Almost Two-Thirds of Customers Have Prime Membership
Consumer Intelligence Research Partners, LLC (CIRP) today released analysis of buyer shopping patterns for Amazon, Inc. (NASDAQ:AMZN) for the second quarter of 2017.
This analysis indicates that Amazon Prime now has 85 million US members, spending on average about $1,300 per year, compared to about $700 per year for non-member customers. The current membership figure compares to an estimated 63 million US members at the end of the June 2016 quarter, or an increase of 35% in one year.
As of June 30, 2017, CIRP estimates that in the US, 63% of Amazon customers are Prime members. Based on this estimate, CIRP estimates that in the US, Amazon Prime has 85 million members (Chart 1).
Amazon Prime membership basically doubled in the US in the past two years. Quarterly growth measured as a percentage continues to slow down, which makes sense as the base of Prime members grew and penetration of the Amazon US customer base continues. Still, Amazon had another good quarter. Membership grew 6% in the most recent quarter, compared to 9% growth in the year-ago quarter ending in June 2016, accounting for five million new Prime members in each of the June quarters.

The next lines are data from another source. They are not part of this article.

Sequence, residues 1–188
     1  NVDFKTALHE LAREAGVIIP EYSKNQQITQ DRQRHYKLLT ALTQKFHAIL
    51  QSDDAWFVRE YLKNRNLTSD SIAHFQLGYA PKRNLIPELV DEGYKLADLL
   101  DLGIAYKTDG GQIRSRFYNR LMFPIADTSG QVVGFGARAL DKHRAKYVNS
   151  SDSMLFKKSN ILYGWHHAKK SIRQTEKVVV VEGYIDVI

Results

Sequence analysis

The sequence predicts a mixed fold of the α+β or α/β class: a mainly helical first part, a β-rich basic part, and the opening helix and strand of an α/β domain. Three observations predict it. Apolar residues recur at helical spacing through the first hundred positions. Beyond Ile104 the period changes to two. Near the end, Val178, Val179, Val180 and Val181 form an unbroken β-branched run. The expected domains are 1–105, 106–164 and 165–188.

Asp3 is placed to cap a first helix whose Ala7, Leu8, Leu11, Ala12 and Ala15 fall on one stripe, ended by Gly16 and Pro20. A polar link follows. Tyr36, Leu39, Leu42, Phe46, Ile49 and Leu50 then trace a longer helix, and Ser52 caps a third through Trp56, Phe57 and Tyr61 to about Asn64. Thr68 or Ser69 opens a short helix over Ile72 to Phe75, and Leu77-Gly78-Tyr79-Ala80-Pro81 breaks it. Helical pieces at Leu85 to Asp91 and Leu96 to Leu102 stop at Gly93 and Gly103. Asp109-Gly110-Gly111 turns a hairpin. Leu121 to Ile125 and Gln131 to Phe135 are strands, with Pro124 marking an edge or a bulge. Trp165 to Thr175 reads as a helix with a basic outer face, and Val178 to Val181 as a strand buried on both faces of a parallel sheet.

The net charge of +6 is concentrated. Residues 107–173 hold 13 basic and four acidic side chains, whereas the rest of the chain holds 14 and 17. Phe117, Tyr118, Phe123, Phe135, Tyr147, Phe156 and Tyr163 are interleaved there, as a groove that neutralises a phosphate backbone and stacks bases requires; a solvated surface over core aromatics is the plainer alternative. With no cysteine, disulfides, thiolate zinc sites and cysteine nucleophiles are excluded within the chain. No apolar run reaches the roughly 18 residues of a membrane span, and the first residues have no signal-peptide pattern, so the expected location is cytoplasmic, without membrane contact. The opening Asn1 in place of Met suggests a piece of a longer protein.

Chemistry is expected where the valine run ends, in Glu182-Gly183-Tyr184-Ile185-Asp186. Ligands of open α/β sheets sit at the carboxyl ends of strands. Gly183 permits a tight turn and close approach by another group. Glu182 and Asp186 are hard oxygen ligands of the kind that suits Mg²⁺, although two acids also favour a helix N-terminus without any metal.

On average, US Amazon Prime members shop at Amazon.com 25 times per year. In contrast, customers without Amazon Prime shop at Amazon.com an average of 14 times per year.
The difference in annual spending between Amazon Prime and other Amazon customers is driven by number of transactions. Amazon Prime membership encourages much more frequent shopping, likely because the free shipping benefit knocks down a key barrier to buying online often and makes Amazon their first stop for online purchases. Otherwise, Amazon Prime members buy the same number of items per visit, and spend roughly the same amount per visit as non-Prime members.
Since April 2016 Amazon offers Amazon Prime members the option of paying $10.99 per month instead of $99 per year. CIRP estimates that 28% of Amazon Prime members pay for their membership monthly, rather than annually.
The monthly payment option continues to grow. Even though the total annual cost is higher, smaller monthly payments are more affordable and allow new Prime members to delay making a full-year commitment to the service. Along with accepting government benefits for low-income families and discounting Prime membership for families receiving government assistance, the monthly payment plan is consistent with Amazon’s apparent strategy to expand its reach to broader shopper demographics.
CIRP bases its findings on surveys of 500 US subjects who made a purchase at Amazon.com in the period from April-June 2017. For additional information, please contact CIRP.